All over, established political forces are losing ground to politicians whom they scorn as fear-mongering populists. In France, according to a recent opinion poll, the far-right National Front has become the country’s most popular party. In other countries — Austria, Britain, Bulgaria, the Czech Republic, Finland and the Netherlands — disruptive upstart groups are on a roll. . . .As in France, the right wing Danish People's Party now polls ahead of all others, and they may well win the upcoming elections for seats in the European Parliament.
These parties mix issues we think of as right wing, such as cracking down on criminals and opposition to immigration, with very strong support for workers' rights and the social safety net:
The platform of France’s National Front promotes traditional right-wing causes like law and order and tight controls on immigration but reads in parts like a leftist manifesto. It accuses “big bosses” of promoting open borders so they can import cheap labor to drive down wages. It rails against globalization as a threat to French language and culture, and it opposes any rise in the retirement age or cuts in pensions.So if you ever wondered why certain American conservatives are so fiercely devoted to Medicare, well, it is a worldwide thing. I think it rests ultimately on defending "us" -- hard-working Christian native born people -- against "them" -- foreigners, Muslims, international businessmen, corrupt politicians.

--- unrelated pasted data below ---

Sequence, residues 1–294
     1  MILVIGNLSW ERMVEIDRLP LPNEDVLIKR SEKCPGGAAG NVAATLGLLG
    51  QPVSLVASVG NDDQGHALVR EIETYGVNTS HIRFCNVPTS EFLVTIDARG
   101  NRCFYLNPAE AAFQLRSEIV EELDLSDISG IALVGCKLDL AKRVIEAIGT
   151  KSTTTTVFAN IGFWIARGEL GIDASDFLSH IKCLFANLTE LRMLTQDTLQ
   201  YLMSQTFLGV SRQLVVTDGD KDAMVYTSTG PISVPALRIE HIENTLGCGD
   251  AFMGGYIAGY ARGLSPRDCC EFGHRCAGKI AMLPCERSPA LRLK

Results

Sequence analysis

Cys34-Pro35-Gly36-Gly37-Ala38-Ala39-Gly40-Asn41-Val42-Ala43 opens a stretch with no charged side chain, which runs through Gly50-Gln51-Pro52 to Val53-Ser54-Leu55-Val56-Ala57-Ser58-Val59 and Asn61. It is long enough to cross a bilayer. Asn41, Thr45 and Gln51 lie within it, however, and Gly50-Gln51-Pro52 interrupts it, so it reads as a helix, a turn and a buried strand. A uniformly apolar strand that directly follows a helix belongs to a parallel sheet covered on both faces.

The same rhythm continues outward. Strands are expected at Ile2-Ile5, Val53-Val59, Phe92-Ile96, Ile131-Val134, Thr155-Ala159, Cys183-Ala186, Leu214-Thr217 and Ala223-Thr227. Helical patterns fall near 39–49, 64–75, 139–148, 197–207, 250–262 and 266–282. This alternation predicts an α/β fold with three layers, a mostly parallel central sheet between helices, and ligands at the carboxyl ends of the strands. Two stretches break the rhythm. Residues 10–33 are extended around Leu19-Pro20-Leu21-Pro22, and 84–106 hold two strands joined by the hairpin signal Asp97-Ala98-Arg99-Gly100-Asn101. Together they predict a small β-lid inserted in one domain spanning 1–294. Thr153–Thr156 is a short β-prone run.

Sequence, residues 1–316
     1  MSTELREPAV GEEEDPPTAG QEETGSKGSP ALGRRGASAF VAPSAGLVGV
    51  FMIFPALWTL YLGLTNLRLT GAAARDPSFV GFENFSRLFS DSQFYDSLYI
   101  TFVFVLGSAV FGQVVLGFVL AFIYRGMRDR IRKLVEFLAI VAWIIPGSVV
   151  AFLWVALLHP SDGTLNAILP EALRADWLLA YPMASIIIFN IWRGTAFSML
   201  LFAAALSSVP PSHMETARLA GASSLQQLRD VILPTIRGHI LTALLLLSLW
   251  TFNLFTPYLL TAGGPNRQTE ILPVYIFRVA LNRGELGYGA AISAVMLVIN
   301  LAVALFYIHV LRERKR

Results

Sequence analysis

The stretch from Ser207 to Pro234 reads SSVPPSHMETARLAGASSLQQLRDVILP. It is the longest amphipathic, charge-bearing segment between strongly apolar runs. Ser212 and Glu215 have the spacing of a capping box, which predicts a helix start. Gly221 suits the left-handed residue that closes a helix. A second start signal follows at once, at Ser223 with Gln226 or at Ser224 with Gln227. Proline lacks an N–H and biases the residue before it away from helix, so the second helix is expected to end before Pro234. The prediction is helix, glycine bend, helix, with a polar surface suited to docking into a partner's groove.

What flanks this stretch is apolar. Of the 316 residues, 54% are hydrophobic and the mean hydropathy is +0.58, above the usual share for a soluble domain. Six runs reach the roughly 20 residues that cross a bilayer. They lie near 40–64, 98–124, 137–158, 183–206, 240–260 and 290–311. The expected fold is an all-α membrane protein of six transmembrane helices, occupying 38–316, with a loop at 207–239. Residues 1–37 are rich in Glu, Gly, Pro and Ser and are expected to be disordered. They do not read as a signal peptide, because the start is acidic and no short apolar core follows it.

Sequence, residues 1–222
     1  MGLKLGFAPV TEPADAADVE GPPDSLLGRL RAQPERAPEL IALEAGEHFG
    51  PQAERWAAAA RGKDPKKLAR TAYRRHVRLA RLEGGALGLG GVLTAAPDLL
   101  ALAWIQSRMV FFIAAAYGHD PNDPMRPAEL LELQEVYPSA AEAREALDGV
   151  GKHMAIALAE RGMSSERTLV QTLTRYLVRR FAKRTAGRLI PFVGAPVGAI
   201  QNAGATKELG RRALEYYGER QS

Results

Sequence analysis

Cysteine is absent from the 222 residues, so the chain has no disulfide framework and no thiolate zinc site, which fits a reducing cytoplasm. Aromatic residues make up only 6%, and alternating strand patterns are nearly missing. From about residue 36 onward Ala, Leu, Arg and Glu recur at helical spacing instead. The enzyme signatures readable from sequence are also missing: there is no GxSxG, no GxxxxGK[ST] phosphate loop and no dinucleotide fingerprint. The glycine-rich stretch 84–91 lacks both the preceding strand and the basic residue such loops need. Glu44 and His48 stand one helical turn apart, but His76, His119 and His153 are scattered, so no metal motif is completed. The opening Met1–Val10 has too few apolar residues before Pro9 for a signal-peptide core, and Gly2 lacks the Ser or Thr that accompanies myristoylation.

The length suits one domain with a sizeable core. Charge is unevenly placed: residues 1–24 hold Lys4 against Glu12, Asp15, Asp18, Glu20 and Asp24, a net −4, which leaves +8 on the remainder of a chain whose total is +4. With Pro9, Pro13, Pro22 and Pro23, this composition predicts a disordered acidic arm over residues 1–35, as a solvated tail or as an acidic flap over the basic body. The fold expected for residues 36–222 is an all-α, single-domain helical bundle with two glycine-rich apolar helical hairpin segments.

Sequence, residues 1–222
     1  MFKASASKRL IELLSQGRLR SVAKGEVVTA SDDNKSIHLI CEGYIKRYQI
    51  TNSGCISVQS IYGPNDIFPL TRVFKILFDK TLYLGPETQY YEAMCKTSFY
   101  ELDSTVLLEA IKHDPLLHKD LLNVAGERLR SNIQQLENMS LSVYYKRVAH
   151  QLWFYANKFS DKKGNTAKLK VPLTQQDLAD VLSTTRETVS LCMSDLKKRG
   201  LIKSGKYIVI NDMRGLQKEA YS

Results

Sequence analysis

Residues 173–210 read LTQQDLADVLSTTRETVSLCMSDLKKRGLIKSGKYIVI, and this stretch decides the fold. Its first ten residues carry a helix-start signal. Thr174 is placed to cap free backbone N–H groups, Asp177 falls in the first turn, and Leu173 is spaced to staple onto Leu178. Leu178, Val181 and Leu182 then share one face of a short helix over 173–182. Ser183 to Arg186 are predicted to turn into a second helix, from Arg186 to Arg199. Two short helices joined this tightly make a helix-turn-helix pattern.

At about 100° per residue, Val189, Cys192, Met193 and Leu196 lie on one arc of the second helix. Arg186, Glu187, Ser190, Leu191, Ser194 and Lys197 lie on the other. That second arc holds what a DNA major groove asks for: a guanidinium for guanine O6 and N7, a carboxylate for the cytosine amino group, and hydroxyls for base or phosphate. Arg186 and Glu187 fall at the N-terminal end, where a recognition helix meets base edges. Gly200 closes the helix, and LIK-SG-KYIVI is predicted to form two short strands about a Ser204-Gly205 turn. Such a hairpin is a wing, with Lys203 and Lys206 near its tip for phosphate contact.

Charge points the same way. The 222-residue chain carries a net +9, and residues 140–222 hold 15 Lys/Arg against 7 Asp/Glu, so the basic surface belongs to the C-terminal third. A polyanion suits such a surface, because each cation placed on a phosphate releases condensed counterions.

Similarly, in the Netherlands, Geert Wilders, the anti-Islam leader of the Party for Freedom, has mixed attacks on immigration with promises to defend welfare entitlements. “He is the only one who says we don’t have to cut anything,” said Chris Aalberts, a scholar at Erasmus University in Rotterdam and author of a book based on interviews with Mr. Wilders’s supporters. “This is a popular message.”
Mr. Wilders, who has police protection because of death threats from Muslim extremists, is best known for his attacks on Islam and demands that the Quran be banned. These issues, Mr. Aalberts said, “are not a big vote winner,” but they help set him apart from deeply unpopular centrist politicians who talk mainly about budget cuts. The success of populist parties, Mr. Aalberts added, “is more about the collapse of the center than the attractiveness of the alternatives.”
If the pompous suits running the EU don't wise up and do something dramatic to put people back to work, these parties are going to start winning elections and shaking the system to its foundations.